A boot menu is displayed on a client computer when the client performs a Pre-Boot Execution Environment (PXE) boots and more than one boot image is available to that client. If only one boot image is available, the computer will automatically boot into that image. The boot images are ordered alphabetically, based on the file name of the .wim file that contains the image.

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Configuring the Boot Menu

Microsoft has completely reengineered the boot environment for Windows Vista and Windows Server® 2008 to address the increasing complexity and diversity of modern hardware and firmware. One aspect of this reengineering is a new firmware-independent data store that contains boot configuration data (BCD). The BCD store defines how the boot menu is configured. The store is a namespace container for BCD objects and elements that holds the information that is required to load Windows or run other boot applications. Physically, a BCD store is a binary file in the registry hive format. For more information about BCDs, see http://go.microsoft.com/fwlink/?LinkID=110353.

To customize the BCD store, see How to Modify the BCD Store Using Bcdedit. Note that when you modify the BCD store, you must force it to be recreated in order for your changes to take effect. To do this, either restart the WDSServer service (run wdsutil /stop-server and then run wdsutil /start-server) or run Sc control wdsserver 129. Because the menu exists outside of an operating system, there are certain limitations placed on the user interface (UI), including the following:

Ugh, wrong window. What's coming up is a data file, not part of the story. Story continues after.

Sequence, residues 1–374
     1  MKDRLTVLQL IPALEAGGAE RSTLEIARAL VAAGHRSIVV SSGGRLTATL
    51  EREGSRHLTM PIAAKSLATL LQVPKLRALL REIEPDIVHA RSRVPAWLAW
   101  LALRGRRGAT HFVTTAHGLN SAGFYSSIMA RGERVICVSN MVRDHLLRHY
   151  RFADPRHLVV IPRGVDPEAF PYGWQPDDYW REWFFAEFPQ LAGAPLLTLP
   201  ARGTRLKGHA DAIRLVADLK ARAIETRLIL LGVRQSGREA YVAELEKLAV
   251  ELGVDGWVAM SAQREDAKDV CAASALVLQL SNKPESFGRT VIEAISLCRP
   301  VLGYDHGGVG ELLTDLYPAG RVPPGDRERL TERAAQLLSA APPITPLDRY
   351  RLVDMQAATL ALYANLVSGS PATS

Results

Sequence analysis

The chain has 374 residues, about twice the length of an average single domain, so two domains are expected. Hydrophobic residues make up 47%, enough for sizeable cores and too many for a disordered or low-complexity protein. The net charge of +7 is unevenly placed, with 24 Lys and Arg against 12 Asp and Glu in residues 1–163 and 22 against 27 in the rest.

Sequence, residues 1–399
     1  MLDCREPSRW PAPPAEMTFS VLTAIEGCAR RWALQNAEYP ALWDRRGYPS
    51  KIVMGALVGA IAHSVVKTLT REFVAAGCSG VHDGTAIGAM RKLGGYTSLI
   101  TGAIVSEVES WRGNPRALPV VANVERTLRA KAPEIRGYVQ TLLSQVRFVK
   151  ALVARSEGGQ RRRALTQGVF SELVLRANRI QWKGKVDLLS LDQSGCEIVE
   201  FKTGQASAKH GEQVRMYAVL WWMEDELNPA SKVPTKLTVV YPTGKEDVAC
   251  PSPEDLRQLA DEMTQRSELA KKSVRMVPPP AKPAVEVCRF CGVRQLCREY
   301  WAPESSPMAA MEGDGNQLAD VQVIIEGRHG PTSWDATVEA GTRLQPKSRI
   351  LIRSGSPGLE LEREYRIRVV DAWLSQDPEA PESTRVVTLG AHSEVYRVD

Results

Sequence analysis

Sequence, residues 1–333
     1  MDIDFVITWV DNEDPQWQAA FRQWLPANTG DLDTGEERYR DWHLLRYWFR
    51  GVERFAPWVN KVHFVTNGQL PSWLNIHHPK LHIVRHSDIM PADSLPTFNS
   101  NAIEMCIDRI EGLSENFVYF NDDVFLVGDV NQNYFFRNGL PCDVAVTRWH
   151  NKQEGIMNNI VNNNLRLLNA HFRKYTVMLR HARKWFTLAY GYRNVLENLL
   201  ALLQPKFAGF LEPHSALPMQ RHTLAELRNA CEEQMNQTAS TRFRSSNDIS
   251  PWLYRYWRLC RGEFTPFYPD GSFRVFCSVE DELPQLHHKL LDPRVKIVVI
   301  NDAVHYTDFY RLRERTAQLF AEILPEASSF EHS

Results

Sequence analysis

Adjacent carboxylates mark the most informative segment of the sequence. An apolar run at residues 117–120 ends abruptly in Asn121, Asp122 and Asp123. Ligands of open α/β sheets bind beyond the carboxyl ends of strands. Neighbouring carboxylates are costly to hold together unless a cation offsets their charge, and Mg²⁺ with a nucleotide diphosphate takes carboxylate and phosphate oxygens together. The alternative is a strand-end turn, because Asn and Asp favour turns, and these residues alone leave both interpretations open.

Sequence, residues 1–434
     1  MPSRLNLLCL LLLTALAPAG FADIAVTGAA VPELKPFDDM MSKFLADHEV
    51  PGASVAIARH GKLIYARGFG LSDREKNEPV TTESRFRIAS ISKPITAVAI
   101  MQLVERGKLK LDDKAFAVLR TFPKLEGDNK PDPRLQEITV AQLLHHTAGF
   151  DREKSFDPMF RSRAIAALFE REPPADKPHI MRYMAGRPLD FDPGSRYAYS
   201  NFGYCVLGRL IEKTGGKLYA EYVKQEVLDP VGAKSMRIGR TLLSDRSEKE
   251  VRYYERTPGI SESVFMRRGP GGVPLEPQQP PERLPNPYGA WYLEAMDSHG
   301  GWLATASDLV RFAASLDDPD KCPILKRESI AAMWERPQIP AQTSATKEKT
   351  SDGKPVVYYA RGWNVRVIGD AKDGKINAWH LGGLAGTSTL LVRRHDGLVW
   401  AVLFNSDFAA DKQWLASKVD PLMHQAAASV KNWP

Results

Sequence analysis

• The screen size is 80x25 pixels, which means that approximately 13 images can be displayed on the page simultaneously. If more than 13 images are available, the display will scroll to support the additional images. The number of images that can be shown is dependent on several factors, including the number of images that need to be displayed to the client and the number of characters in the image name.

  • There is no mouse or Input Method Editor (IME) functionality.

  • There is no support for alternate keyboards, other than what the BIOS supports.

  • There is limited support for localization, other than what the BIOS supports.

  • There is limited support for accessibility.

Specifying Boot Images for Prestaged Clients

You can assign a boot image to a prestaged computer in Active Directory Domain Services (AD DS). For instructions, see the "Prestage Computers" section in How to Manage Client Computers. In these instances, Windows Deployment Services must dynamically create a BCD store for the booting client that has the assigned boot image selected as the default. Rather than generating a unique BCD store that contains only that operating system entry for each booting client (which, due to the BCD architecture may take several seconds), the existing BCD store for the client’s architecture (in RemoteInstall\Tmp) is copied and the default selection is modified to reflect the new default. In addition, other booting clients that have been assigned the same boot image can reuse this dynamically generated BCD store.

Considerations for x64-Based Clients

Because x64-based computers are capable of booting both x86-based and x64-based images, the default behavior is that x64-based users see a list of both x86-based and x64-based boot images when both are available on the server. This means that x64-based clients receive the x86x64.{GUID}.bcd store. For instructions on configuring the boot image policy that x64-based clients should see, see the "Boot Program and Boot Image" section in How to Manage Client Computers.

To work-around issues where the booting client may not be sending the correct architecture value in the initial PXE discovery packet, the Wdsnbp.com boot program will detect the architecture of the booting client and report that value back to the Windows Deployment Services server. For more information, see the "List of NBPs" section in Managing Network Boot Programs.